Weston selectmen review North House situation

North House at Hurlbutt Elementary School.

North House at Hurlbutt Elementary School.

When asked by Selectman Dennis Tracey for an update on the North House situation at last week’s Board of Selectmen’s meeting, First Selectman Gayle Weinstein said the subject always seems to make her sigh — mainly because the situation keeps changing.

But she did offer an overview of where the town and the schools stand on a proposal to move some town offices into space that might not be needed in the North House section of Hurlbutt Elementary School.

Ms Weinstein explained that at a “tri-board” meeting with the boards of selectmen, finance, and education held Oct. 10, Superintendent Colleen Palmer said due to declining enrollment, the schools could allocate the first floor of North House to the town. In return, the school would likely need the part of South House currently occupied by the Senior Center because it could most easily be retrofitted to serve the kindergartners through second graders who attend Hurlbutt.

After that October meeting, though, Ms. Weinstein explained, parents expressed concern about what would happen if the space was needed again by the schools. And so, the school board held off for a month on voting on the plan.

The school board is expected to vote on the North House shift at its meeting this Monday, Dec. 17.

Ms. Weinstein said it’s her understanding the school district will likely give the town the first floor of North House initially, and then, in “maybe three years,” it may also give up the second floor for municipal use.

But, she added, “There may be some discretion on their part about who can go in there.” There has been some concern expressed, for example, about land use offices being in a school, since contractors and other members of the public visit those offices fairly regularly, she said.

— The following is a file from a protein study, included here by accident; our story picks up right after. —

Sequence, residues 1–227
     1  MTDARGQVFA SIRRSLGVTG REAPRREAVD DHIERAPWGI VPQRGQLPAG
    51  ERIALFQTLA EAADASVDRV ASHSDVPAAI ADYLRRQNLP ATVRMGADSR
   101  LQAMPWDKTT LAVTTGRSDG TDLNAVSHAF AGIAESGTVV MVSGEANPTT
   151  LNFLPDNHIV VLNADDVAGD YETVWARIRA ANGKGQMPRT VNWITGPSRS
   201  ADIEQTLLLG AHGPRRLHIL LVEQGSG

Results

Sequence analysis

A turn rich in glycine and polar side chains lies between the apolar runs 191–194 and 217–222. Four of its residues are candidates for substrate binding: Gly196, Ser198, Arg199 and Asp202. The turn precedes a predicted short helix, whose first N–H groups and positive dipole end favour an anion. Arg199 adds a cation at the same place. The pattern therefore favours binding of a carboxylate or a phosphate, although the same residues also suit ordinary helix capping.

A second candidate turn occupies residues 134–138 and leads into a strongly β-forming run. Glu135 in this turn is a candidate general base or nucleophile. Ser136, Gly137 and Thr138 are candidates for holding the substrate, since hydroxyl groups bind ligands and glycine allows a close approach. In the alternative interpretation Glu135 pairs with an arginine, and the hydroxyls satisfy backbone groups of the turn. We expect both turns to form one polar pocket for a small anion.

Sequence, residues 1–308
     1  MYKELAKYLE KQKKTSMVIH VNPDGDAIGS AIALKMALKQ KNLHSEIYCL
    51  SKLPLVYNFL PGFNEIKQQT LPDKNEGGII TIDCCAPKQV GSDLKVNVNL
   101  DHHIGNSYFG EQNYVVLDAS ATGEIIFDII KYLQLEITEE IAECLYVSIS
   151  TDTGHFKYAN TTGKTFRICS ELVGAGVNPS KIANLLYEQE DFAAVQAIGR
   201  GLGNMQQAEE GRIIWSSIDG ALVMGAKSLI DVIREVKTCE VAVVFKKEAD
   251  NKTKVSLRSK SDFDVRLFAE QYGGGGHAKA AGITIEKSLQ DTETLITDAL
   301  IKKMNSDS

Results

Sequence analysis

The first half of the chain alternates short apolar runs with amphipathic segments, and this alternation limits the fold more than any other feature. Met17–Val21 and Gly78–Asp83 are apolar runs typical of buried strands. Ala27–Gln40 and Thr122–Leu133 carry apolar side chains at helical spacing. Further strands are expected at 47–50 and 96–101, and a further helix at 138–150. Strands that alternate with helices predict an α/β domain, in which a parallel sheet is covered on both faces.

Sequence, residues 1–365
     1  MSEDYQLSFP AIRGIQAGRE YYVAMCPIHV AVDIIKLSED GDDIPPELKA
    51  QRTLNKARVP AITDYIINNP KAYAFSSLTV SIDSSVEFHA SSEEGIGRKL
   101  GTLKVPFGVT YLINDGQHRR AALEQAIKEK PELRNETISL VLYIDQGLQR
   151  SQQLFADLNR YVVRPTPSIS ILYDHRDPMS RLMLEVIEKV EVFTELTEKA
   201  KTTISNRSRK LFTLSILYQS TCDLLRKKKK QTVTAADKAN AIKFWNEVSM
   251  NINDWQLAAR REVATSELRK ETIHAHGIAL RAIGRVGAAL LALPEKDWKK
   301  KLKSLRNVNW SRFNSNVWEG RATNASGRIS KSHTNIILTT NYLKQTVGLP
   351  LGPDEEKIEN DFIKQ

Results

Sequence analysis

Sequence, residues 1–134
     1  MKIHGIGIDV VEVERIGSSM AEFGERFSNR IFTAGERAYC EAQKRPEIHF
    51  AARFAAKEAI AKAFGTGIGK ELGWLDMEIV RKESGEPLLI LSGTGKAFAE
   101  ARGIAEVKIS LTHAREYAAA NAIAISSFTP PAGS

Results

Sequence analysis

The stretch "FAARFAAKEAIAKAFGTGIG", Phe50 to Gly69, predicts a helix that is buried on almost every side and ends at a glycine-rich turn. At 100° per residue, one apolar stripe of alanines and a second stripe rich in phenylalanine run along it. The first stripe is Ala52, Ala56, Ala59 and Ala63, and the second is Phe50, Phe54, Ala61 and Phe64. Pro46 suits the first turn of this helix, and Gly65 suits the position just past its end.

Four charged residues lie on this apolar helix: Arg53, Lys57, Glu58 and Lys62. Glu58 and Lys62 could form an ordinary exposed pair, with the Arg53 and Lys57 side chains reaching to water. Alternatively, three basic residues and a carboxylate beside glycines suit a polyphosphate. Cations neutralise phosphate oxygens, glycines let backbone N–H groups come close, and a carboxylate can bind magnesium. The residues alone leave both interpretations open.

The problem with not knowing what restrictions to use of the building might be imposed, Ms. Weinstein continued, is it has forced the town to put a parking survey for North House on hold.

“We can’t determine the parking needs until we know who is going to occupy that space,” she said.

That holds true for any kind of planning for the move. “We can’t start the process on our side … until the Board of Education makes their decision,” the first selectman said.

The good news, Ms. Weinstein said, is “the schools have made it clear the seniors can stay where they are” until who is allowed to go there gets sorted out.

Selectman Dave Muller asked whose call it is as far as who is allowed to go there, since it is a school, but it is also technically a town-owned building. It’s important to figure out whose building it is and therefore who gets to determine the use of it, Mr. Muller said.

“That’s a very good question,” Ms. Weinstein said. The town will likely work with the town attorney to figure that out, but, she said she wants to hear the school board’s discussion first before approaching counsel.

“I want us to work together … I’m trying not to turn this into any kind of aggressive situation with the BOE right now. I’m trying to let them go through their process. Then, when their process happens and they deem what the appropriate action is to take regarding the space, we can discuss whatever path we feel is appropriate,” Ms. Weinstein said.

She reminded the selectmen that any changes at Hurlbutt would also need 8-24 approval fro the Planning and Zoning Commission, since it would a change in use of town property.

“We still have a lot of moving parts here,” Ms. Weinstein said.

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